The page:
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First, some history

First, there was rails s, and then there was sidekiq, and then gulp, or webpack-dev-server, or whatever else needed to use your app in the development environment. Rarely in the jungle of the modern web can a programmer get away by running one single process in the shell.

Next came the Procfile—a format to specify the types of processes an application provides and the commands to run those services. It became a standard for Heroku and other Platforms-as-a-Service.

After that came Foreman. It allowed developers to launch all these processes with a single command. Everyone rejoiced, and David Dollar, who created it, got over 4k stars at GitHub. More similar tools would soon appear, and with it, a freedom of choice.

Sergey Aleksandrovich noticed something wrong with these options. Here’s how he explains it:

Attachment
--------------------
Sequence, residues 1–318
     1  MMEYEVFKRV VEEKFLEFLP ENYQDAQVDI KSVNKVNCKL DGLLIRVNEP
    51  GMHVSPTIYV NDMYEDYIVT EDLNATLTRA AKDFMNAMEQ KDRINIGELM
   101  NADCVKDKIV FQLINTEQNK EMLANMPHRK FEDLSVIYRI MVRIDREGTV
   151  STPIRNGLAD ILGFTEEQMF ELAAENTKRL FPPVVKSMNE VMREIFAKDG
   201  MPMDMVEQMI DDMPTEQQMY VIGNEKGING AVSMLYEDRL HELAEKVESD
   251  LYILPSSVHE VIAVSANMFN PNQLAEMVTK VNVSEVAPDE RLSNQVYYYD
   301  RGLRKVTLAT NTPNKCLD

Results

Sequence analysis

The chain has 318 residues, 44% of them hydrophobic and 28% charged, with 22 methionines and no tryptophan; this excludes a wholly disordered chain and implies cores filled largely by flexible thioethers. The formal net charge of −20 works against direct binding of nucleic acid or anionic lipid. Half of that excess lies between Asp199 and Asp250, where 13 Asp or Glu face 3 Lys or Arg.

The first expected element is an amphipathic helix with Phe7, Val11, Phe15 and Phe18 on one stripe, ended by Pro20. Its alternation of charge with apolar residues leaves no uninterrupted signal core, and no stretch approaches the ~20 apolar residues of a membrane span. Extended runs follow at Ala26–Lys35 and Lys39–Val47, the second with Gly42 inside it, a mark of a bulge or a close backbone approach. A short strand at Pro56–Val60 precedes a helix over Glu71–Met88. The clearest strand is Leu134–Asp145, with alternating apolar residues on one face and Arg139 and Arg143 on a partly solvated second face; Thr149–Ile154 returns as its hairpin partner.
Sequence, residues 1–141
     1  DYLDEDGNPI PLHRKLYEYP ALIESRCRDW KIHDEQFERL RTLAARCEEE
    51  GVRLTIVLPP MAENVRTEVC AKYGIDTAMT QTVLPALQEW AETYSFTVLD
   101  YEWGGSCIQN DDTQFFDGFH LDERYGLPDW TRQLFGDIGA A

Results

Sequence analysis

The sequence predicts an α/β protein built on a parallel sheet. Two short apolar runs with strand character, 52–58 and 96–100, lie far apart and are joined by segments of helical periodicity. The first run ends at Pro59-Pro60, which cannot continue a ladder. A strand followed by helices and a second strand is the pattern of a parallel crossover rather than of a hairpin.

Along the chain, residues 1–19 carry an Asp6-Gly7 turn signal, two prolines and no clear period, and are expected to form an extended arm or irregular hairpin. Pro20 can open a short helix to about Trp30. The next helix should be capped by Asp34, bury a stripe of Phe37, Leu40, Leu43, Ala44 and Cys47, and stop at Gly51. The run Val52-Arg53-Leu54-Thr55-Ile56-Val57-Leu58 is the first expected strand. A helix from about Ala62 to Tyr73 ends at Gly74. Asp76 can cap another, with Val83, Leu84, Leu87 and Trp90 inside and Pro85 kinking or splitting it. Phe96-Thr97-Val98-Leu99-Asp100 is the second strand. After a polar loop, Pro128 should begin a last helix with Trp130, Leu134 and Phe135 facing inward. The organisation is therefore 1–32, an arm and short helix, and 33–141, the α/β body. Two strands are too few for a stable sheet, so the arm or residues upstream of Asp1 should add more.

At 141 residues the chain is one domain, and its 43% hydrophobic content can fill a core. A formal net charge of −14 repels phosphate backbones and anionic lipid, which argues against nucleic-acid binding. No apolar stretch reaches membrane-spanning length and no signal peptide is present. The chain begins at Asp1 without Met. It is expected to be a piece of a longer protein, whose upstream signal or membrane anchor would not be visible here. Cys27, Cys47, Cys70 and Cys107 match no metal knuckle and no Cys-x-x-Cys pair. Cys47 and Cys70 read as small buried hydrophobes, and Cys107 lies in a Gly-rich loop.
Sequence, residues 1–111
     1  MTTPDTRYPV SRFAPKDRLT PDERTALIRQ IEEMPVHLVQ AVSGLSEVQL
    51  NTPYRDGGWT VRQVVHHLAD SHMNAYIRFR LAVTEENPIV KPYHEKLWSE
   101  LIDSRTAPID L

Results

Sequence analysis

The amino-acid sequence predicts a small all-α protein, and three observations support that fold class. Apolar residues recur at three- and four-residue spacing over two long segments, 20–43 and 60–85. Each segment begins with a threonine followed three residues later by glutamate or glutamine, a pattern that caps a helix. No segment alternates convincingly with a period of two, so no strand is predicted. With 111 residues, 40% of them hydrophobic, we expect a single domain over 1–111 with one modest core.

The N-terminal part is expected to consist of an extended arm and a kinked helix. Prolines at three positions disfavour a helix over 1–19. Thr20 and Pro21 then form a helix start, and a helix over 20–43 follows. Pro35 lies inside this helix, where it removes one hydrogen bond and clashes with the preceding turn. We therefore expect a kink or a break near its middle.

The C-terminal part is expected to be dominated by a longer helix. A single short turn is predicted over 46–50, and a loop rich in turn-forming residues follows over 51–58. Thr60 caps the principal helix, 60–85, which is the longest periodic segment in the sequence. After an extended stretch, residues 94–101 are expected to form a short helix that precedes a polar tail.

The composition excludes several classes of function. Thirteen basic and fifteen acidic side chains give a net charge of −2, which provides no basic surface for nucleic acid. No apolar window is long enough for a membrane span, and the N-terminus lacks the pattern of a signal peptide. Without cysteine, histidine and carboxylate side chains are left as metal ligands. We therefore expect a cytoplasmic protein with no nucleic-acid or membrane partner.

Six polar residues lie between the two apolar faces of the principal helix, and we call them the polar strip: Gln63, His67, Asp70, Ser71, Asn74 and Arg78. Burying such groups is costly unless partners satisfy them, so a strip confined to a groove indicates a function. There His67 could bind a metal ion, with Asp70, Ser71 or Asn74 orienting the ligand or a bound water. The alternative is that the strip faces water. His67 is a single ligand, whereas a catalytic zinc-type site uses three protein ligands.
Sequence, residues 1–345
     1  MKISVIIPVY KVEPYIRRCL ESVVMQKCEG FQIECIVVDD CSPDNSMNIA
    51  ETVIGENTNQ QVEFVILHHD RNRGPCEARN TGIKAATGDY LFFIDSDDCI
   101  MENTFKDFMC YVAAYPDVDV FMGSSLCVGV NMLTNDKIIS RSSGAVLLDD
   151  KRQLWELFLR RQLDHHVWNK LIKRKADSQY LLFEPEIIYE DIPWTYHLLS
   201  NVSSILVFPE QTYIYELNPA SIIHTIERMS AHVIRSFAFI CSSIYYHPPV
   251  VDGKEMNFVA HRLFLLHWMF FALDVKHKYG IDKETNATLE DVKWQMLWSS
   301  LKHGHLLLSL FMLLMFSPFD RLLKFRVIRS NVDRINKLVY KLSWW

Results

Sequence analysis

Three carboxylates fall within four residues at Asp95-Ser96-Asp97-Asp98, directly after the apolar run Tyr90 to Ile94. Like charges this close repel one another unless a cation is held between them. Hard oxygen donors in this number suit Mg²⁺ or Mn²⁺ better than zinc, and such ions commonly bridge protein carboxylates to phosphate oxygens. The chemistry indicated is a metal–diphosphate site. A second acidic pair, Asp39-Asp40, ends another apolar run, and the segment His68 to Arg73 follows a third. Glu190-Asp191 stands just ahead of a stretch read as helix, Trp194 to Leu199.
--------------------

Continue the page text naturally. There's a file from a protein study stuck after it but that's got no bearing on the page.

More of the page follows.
The problem with most of those tools is that the processes you want to manage start to think they are logging their output into a file, and that can lead to all sorts of problems: severe lag, losing or breaking colored output. Tools can also add vanity information (unneeded timestamps in logs).

Hivemind preserving Sidekiq ASCII-art

Sidekiq logging to Terminal on a Mac directly (left), Foreman clipping the output (middle), Hivemind preserving the beauty of ASCII-art (right)

In an attempt to solve this problem (that might have been bugging you, too) Sergey turned his attention towards pseudoterminals.

TLC for the PTY

Pseudoterminals (pseudotty, or PTY) have been around since 1967. They’ve existed in the UNIX world since the 80’s and 2010’s The Linux Programming Interface contains an entire chapter explaining them.


In the same orbit

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